Religion

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We all have some experience with religion. Whether our parents are religious, our own religious views, or others who try and convert you to a religion, we have all come in contact with a religion. But what do sociology and religion have to do with each other? The answer to this question is that religion meets sociology in the affects that it has on an individual or society (Schaefer, Richard T, 2009, pg 323).

What is a religion? A religion is defined by Richard Schaefer as a unified system of beliefs and practices that relate to what is believed to be sacred (Schaefer, Richard T, 2009, pg 323). There are many world religions, such as Christianity, Islam, Buddhism, Hindu, and so forth, and while all of these different religions are very different they all have similar components (Schaefer, Richard T, 2009, pg 325-326, 330). It is these components that make a religion and they are beliefs which are the statements that members hold too, rituals which are the practices required of the member to perform, and experiences which is the feeling of being in contact with the divine (Sch...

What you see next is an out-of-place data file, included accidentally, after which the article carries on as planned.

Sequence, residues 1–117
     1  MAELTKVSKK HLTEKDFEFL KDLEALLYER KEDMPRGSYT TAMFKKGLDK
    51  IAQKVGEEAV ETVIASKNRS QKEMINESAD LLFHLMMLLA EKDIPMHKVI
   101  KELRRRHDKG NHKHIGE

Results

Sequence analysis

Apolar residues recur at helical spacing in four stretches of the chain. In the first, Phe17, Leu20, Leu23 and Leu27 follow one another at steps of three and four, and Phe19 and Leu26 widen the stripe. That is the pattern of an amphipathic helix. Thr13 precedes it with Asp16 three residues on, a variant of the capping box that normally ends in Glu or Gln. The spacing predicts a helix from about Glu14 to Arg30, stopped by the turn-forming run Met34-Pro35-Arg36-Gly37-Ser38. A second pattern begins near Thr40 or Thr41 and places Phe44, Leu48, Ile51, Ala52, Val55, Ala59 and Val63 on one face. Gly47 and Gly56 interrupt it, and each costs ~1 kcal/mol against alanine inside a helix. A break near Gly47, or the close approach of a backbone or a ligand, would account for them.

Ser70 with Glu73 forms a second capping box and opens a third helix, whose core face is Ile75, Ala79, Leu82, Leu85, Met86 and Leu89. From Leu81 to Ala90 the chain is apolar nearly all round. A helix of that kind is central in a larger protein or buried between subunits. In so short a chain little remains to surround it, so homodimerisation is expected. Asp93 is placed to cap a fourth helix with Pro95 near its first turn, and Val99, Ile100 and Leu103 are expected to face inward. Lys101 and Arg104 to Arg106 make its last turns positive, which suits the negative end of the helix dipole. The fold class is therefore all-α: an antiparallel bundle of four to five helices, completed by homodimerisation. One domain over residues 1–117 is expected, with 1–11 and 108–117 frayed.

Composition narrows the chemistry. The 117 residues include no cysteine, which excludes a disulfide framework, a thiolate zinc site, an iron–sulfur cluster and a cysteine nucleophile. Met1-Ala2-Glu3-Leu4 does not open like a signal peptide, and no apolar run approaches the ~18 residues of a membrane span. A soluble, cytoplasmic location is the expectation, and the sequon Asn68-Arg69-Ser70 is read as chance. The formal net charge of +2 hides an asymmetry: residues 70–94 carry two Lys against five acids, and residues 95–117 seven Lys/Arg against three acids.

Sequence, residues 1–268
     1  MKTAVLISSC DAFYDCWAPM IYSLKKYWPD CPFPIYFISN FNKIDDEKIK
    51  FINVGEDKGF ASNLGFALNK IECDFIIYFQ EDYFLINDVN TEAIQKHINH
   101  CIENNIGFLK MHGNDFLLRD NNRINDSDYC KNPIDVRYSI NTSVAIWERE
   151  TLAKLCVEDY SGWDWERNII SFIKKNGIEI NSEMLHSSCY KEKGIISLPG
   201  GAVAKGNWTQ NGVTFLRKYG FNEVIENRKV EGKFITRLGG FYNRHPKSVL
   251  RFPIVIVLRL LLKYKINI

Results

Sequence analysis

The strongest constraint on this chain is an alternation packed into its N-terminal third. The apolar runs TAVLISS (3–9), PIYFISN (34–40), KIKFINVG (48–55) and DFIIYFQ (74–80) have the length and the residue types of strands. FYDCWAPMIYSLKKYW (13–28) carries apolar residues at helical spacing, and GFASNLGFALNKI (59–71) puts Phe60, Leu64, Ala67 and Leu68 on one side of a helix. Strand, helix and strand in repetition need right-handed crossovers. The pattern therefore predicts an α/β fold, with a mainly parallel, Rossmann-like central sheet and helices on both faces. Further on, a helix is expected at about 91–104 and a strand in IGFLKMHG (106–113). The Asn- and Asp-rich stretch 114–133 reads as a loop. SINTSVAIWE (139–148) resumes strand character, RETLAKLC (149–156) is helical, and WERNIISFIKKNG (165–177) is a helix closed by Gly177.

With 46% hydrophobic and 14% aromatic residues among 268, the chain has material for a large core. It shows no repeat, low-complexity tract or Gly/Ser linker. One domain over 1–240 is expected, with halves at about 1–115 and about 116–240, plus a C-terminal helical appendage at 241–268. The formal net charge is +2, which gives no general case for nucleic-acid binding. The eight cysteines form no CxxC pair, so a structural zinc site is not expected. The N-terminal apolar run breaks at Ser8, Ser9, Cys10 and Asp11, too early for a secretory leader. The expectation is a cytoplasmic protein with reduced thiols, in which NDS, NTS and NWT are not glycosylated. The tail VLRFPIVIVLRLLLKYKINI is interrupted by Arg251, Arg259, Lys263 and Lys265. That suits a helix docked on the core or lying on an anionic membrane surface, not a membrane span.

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Newberg, Andrew, 2011, Religious Experiences Shrink Part of the Brain, retrieved from http://www.scientificamerican.com/article.cfm?id=religious-experiences-shrink-part-of-brain

Barkan, Steve, na, Sociology: Understanding and Changing the Social World, retrieved from http://www.flatworldknowledge.com/pub/1.0/sociology-understanding-and-ch/364125

Brunner, Christian Dr, 2011, The Function and Dysfunction
of Religion in our Secular State, retrieved from http://www.beyondintractability.org/essay/religion_and_conflict/
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